Undying: A Love Story

Michel Faber writes in his foreword to Undying: A Love Story that before his wife died, he “hadn’t known such need for poetry.”

The need to write poetry is similar to, yet distinct, from the need to read it. It is because of this that I am unsure whether or not to recommend this stunning yet heart-wrenching book to someone who is coping with his or her own loss. However, the purpose of poetry is not to make the reader feel good, but to make the reader feel something, an aim which Faber undoubtedly accomplishes.

This book contains a seemingly impossible articulation of so many of the tender, scary, and confusing moments leading up to and following the loss of a loved one to cancer. It goes beyond just mourning for a loved one and into the intricacies of the disease.

‘Lucy’ describes the searing physical harm of cancer. ‘Remission’ shows the medicalisation of the everyday. ‘Such a Simple Thing I Could Have Fixed’ touches on the loss of the mundane, the neglect of regular household chores. Each of these moments is coloured by vulnerable, personal experience.

The reader is afforded no emotional respite. Before experiencing my own first loss, I remember a teacher trying to describe it to my classroom: “It is not just missing someone once, but constantly. Over days and weeks and years, reaching out to a person in your mind only to realise that they are no longer there.” This book challenges this simplification, constantly uncovering the complexities of every facet of loss. Clichéd yet significant moments of confrontation with mortality are recorded alongside poems that show how mortal illness can cheapen friendships: making it difficult for those who do not understand or wish to immerse themselves in your condition to connect with you authentically.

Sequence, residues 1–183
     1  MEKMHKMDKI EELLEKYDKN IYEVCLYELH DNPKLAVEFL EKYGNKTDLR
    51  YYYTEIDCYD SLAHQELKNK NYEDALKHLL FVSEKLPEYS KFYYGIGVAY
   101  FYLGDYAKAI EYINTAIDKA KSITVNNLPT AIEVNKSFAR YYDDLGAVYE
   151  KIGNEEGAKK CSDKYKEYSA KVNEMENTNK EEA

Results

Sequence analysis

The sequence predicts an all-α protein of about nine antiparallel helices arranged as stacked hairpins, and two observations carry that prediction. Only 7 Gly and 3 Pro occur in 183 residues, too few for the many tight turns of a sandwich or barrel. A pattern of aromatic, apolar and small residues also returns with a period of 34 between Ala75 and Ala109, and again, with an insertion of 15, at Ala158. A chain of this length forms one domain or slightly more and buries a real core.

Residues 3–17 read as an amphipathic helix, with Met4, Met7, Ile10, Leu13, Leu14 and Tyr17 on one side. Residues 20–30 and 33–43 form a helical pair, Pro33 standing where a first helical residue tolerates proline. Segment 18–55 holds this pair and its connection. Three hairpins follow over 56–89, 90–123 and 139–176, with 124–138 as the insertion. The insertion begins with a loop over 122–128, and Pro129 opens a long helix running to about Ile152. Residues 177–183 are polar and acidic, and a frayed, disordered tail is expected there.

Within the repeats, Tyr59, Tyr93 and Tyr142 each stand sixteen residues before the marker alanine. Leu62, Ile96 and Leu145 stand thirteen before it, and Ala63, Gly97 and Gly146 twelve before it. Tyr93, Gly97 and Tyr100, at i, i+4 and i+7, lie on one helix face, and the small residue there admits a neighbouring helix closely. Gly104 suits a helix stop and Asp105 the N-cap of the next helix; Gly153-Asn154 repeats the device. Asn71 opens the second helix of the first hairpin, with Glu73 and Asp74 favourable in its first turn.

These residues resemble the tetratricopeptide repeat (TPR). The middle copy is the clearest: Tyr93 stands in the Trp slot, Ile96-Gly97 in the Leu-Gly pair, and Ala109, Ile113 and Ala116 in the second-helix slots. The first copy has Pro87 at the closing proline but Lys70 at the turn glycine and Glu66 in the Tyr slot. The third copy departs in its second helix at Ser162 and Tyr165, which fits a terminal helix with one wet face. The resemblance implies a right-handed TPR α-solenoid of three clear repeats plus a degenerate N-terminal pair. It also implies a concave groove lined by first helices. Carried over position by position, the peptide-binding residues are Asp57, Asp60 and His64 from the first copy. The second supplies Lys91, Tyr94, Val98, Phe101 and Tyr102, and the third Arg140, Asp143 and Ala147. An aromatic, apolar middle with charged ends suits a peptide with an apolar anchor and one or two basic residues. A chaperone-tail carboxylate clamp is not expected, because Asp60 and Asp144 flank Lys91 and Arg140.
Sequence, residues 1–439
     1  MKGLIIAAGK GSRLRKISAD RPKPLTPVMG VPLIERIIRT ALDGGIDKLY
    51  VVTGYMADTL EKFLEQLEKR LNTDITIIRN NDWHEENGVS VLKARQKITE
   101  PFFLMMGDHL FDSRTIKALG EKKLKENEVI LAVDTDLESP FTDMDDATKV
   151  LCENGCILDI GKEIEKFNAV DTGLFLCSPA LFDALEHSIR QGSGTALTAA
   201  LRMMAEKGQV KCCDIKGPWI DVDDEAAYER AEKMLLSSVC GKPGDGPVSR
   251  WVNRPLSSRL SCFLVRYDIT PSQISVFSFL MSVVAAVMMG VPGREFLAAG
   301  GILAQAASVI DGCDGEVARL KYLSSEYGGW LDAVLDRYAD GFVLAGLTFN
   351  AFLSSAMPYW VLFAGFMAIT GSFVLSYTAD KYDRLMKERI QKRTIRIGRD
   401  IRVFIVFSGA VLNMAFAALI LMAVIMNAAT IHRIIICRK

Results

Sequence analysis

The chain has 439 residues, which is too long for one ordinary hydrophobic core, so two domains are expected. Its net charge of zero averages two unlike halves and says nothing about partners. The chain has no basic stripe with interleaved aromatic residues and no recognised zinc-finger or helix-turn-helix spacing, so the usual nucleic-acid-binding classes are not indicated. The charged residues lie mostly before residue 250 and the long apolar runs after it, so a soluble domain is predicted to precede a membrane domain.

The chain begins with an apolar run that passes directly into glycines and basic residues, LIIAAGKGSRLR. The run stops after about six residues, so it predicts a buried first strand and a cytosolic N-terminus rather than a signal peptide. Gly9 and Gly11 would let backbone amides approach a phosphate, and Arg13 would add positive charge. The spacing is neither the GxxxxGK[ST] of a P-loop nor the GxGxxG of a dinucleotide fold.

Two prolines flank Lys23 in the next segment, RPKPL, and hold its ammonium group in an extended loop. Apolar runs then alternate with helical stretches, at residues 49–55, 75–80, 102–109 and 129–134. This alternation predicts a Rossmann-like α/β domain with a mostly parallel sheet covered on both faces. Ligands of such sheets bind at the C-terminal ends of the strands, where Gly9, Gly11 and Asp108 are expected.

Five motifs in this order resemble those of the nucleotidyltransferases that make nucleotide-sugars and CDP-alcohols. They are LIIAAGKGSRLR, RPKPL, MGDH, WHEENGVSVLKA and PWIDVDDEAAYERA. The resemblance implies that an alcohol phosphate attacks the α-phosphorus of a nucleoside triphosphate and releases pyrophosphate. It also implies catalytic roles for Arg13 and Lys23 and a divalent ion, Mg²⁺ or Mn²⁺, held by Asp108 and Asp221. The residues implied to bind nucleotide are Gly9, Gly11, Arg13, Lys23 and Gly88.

Faber explains at the beginning that the poems are not presented in the order that they were written, but rather “in their appropriate place in the narrative of losing and grieving for Eva.” Milestones are beautifully captured in some poems while others show the loss over time. ‘Darling Little Dress’ captures Eva’s slow transition from playfully being convinced that a size 14 dress is, “more like a 12,” to “it would go well with your hair -/no, not the brown you have on now.”

‘My First Date Without You’ captures the sense of abandonment in a first date with another women, strikingly characterised as, “without you”. Later in the poem, Faber describes taking a walk “in the sunshine without you”. In this way he paints each moment after the loss of Eva as cruel and unusual.

While this Dutch poet is consistently heart-rending, his language and voice are inconsistent. However, in retrospect you hardly notice this while immersed in his journey. Overall, moreso than any other poetry collection I have read, this one tells a story.

Unfortunately, the story is a true one and it beautifully conveys a reality that for many may be too painful to confront.

Undying: A Love Story by Michel Faber (Canongate 2016)

Photo courtesy of Canongate

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